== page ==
Congress will kick off 2014 by likely considering legislation that would allow bum trade deals to speed through Capitol Hill with little debate and no amendments. The Teamsters and others have been vocal on what a bad idea that would be. And it isn't hard to prove why.
Big business interests and some policymakers have been quick to laud deals like the Trans-Pacific Partnership (TPP) as ones that would help the economy. But on the 20th anniversary of another must-have trade deal, NAFTA, Americans can see for themselves what such agreements have meant for rank-and-file workers.
Since the pact between the U.S., Mexico and Canada was ratified using fast-track trade authority, America has lost nearly 700,000 jobs. Jobs have been shipped across borders, gutting the middle class. Those who have continued to work have seen their pay slashed. Families who used to have a shot at the American dream are now living in a nightmare.
Corporate America loves to tout the growth in trade especially between the U.S. and Mexico due to NAFTA. But those dollars have largely gone into the pockets of top executives. Meanwhile, in Texas alone, workers and union affiliates of some 2,500 companies have filed petitions with the U.S. Department of Labor for training or temporary assistance due to job loss. That help, however, doesn't come close to matching the good-paying jobs that left.
The good news is in an era when bipartisanship on Capitol Hill seems dead, that's not the case with trade. Democrats and Republicans have taken aim at fast track, saying it will hurt not only workers but their families as well due to watered-down safety provisions when it comes to food and products. It could also drive up prescription drug prices, hurt the environment and reduce Internet freedom.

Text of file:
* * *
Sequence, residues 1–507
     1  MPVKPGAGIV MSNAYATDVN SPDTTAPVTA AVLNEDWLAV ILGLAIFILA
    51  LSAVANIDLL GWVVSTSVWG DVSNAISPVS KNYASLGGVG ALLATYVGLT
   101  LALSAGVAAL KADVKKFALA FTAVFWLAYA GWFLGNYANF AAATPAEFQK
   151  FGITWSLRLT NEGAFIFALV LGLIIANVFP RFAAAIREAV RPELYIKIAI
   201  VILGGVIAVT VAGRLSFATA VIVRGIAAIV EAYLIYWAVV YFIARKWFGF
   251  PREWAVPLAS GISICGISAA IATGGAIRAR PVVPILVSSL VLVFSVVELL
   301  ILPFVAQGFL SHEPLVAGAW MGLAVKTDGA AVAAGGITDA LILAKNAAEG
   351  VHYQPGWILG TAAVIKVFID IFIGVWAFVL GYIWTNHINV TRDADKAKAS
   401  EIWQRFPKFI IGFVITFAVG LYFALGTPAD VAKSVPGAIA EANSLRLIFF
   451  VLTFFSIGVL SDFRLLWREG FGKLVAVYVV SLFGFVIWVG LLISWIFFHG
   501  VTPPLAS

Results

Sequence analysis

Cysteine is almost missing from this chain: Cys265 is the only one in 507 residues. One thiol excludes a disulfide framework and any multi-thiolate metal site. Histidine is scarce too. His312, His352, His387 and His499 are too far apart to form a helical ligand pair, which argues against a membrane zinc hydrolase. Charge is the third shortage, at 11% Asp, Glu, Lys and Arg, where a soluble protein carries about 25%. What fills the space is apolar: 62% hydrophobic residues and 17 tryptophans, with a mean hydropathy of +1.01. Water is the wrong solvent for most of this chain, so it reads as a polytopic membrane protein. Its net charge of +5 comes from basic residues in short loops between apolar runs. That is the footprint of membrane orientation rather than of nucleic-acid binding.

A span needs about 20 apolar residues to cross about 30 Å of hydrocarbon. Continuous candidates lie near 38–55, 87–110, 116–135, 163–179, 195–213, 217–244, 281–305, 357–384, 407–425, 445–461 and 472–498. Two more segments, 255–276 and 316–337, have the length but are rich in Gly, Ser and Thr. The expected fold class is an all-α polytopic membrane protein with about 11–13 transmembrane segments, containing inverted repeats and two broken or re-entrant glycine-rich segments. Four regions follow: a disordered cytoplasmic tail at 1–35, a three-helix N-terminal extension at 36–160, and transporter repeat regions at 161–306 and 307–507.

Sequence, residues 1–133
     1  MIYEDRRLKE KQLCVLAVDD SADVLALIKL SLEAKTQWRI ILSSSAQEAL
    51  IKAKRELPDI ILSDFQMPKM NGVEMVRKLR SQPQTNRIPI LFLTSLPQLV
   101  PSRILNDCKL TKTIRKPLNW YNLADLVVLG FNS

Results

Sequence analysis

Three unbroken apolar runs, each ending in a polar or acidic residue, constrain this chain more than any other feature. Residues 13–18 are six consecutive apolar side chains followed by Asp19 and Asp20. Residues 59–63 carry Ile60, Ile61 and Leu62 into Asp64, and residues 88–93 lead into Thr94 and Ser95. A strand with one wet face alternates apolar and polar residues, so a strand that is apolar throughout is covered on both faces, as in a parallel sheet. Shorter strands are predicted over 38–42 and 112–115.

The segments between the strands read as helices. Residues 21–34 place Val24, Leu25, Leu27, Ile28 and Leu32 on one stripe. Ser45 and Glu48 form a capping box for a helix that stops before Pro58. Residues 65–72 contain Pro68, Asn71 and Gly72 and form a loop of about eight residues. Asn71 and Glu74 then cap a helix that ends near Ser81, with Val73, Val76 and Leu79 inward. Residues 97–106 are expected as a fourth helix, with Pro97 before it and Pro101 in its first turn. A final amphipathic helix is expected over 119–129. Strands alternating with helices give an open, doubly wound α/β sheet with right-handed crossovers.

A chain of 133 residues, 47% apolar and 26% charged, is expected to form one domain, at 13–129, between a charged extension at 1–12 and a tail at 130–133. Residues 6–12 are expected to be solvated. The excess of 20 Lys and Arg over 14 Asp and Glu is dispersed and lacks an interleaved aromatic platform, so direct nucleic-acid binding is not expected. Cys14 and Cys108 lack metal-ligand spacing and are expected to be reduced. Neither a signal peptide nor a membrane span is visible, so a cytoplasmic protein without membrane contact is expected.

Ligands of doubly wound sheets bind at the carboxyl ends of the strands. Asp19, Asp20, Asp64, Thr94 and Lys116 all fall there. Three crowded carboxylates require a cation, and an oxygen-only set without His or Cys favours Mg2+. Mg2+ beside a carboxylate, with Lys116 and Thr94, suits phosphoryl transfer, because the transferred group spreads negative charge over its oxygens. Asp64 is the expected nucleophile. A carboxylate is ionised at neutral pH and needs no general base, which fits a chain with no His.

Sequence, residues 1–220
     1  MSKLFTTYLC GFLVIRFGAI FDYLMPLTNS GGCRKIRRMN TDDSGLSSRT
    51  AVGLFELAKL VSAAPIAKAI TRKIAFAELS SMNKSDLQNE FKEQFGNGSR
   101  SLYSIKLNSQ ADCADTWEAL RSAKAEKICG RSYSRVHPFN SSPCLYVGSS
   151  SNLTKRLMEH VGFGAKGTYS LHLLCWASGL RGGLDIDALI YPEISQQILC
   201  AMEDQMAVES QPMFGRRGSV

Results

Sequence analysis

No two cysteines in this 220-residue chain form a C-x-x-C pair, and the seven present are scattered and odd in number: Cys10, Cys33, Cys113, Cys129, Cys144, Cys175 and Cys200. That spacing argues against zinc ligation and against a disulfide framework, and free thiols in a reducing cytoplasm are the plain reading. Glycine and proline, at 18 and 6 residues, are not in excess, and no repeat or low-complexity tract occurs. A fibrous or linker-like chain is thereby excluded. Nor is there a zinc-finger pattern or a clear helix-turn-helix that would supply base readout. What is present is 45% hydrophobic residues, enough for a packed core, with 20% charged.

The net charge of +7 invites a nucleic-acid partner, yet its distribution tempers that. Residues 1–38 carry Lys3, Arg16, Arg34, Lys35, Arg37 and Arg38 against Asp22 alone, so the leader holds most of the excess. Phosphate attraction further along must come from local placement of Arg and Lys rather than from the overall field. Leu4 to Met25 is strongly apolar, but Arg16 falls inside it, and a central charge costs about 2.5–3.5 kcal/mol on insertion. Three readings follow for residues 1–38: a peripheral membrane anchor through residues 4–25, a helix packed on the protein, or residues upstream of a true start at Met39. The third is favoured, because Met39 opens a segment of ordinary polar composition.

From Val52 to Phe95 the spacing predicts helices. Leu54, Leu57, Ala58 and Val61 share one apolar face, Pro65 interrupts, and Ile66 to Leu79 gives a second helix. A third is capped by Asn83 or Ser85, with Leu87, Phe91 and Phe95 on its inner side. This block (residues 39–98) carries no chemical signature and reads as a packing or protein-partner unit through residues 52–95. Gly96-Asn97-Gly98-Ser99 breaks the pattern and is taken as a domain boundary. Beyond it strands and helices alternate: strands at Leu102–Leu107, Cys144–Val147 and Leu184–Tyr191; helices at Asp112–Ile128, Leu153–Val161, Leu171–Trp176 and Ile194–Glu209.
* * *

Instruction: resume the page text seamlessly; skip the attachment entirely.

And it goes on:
The Teamsters are all for open markets, as long as that doesn't mean trading good American jobs and high-quality products and food made here for lost jobs, lower wages and foods that make our families sick. When the U.S. negotiates a trade agreement, every provision should benefit working families, not just big corporations.
The problem with the TPP is that as it stands, the public doesn't know what's in it. Which raises the question how can constituents discuss the proposal with elected officials when they don't know what they should be concerned about? That, however, seems to be of little consequence to some in Congress.
Congressional committee chairmen who favor free trade have agreed to move forward with considering fast track soon after they return to Capitol Hill this month. They obviously believe they are doing the right thing for America. But is it right that corporations take in all of the gains while hard-working Americans get all of the pain? Is that what this country is really all about?
No one is against trade, just unfair trade. We've seen enough lost jobs, shuttered plants and abandoned communities. It's time to make things in America again. When is the U.S. going to approve an agreement that actually helps its own workers?
Letting people see what is included in the TPP is the first step towards letting them decide which direction the nation should take. The next step is to derail the old fast track and replace it with a process that allows Congress to fully debate the deal and make the TPP work for working families.